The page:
Bill would reduce penalty for texting while driving

JUNEAU — The Senate Judiciary Committee examined legislation Monday aimed at boosting enforcement of Alaska’s ban on texting while driving.

It would reduce the penalty for driving while texting without causing an injury from a misdemeanor to a violation, making it possible for officers to issue citations to distracted drivers. Stiffer penalties would remain in cases involving injury or death.

Lt. David Hanson, a spokesman with the Alaska Bureau of Highway Patrol, has testified that troopers are less likely to charge someone under current law requiring proof that a driver is distracted by a screen device. Hanson said it can be difficult for a trooper to document a driver using a mobile device. Under the current law, roughly one person per month was charged with violating the law from 2012 to 2015, he said.

Lawmakers questioned the search and seizure implications of traffic stops during which drivers are accused of texting or operating a mobile device illegally.

Sen. Peter Micciche, R-Soldotna, said some drivers choose to pull over on the side of the road and respond to messages.

“What happens in that case if there were, even, an accident that was not your own fault?” Micciche said. “Is there an easy way for them to prove that your vehicle had stopped?”

If a driver voluntarily turned a phone over to be searched, it could be easier to determine when texting had occurred. However, officers would have to apply for a warrant in situations when the phone was not voluntarily turned over.

The director of the state’s Office of Public Advocacy, Rick Allen, said there would be no incentive for a driver to voluntarily give a phone over to be searched by police. Further, he said, it is unlikely that law enforcement would take the time to seize and search a cellphone in a traffic stop situation when the drive had not caused serious physical injury or death as a result of texting while driving.

Sen. Lesil McGuire, R-Anchorage, said that while she supported the idea behind the bill, she hopes future lawmakers would revisit it to make sure it was being used appropriately.

“With every tool that you give law enforcement, there’s always the potential for abuse,” she said. “That abuse can come in the form of search and seizure and an improper stop to sort of ascertain more than what the state reason is. I would hate to see Alaskans’ individual privacy rights abused.”

According to the National Conference of State Legislatures, 46 states ban texting while driving.

The bill is sponsored by Senate President Kevin Meyer, R-Anchorage.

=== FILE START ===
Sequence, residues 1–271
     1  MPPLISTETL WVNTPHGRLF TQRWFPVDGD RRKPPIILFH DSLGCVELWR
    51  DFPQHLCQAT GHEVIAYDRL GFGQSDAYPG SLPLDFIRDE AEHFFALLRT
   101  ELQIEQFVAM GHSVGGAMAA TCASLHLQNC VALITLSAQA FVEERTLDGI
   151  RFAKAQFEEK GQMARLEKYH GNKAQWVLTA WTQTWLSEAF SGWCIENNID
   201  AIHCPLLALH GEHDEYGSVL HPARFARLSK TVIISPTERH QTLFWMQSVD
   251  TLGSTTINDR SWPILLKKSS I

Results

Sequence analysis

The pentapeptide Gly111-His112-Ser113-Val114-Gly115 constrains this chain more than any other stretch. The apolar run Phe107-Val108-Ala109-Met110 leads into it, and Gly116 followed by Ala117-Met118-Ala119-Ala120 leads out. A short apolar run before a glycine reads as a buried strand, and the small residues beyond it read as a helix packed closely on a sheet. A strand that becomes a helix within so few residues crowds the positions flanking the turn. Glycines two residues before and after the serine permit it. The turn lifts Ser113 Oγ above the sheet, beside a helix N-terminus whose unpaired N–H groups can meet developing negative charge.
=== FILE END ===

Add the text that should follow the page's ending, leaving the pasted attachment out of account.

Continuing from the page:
More in News

Image via Alaska Board of Fisheries
Statewide shellfish meeting rescheduled

This comes after the board bumped back its Southeast and Yakutat shellfish meeting

A State of Alaska epidemiology bulletin can be found at
State updates STI protocol after reported drop

The state has been experiencing an outbreak since 2017

The Kenai Fire Department headquarters are photographed on Feb. 13, 2018, in Kenai, Alaska. (Peninsula Clarion file)
Police identify remains found in burned car

Kenai Police and Fire departments responded to a car fire at Beaver Creek in Kenai on Jan. 7

Alaska Gov. Mike Dunleavy addresses members of the press on Monday, Jan. 17, 2022, in Juneau, Alaska. (Screenshot)
Dunleavy talks upcoming session, lambasts media

In a press conference Monday, Alaska Gov. Mike Dunleavy discussed his goals… Continue reading

Courtesy photo / Juneau Raptor Center
This golden eagle was rescued by the Juneau Raptor Center over the summer after being found weak and thin.
Rescue center, birdwatchers look back on 2021

Juneau Christmas bird count was way down this year.

This satellite image taken by Himawari-8, a Japanese weather satellite operated by Japan Meteorological Agency and released by National Institute of Information and Communications Technology (NICT), shows an undersea volcano eruption at the Pacific nation of Tonga Saturday, Jan. 15, 2022. (NICT via AP)
Tsunami advisory issued after eruption

An undersea volcano erupted Friday near the South Pacific island of Tonga, triggering concerns of damaging waves across Pacific coastlines

Flowers bloom at Soldotna City Hall on Wednesday, June 24, 2021 in Soldotna, Alaska. (Ashlyn O’Hara/Peninsula Clarion)
Multiple public works projects underway in Soldotna

Soldotna City Council received an update on eight different projects

COVID-19. (Image courtesy CDC)
Hospitalizations rise as state reports increase in COVID cases

There were a total of 112 COVID-related hospitalizations in Alaska as of Friday

Most Read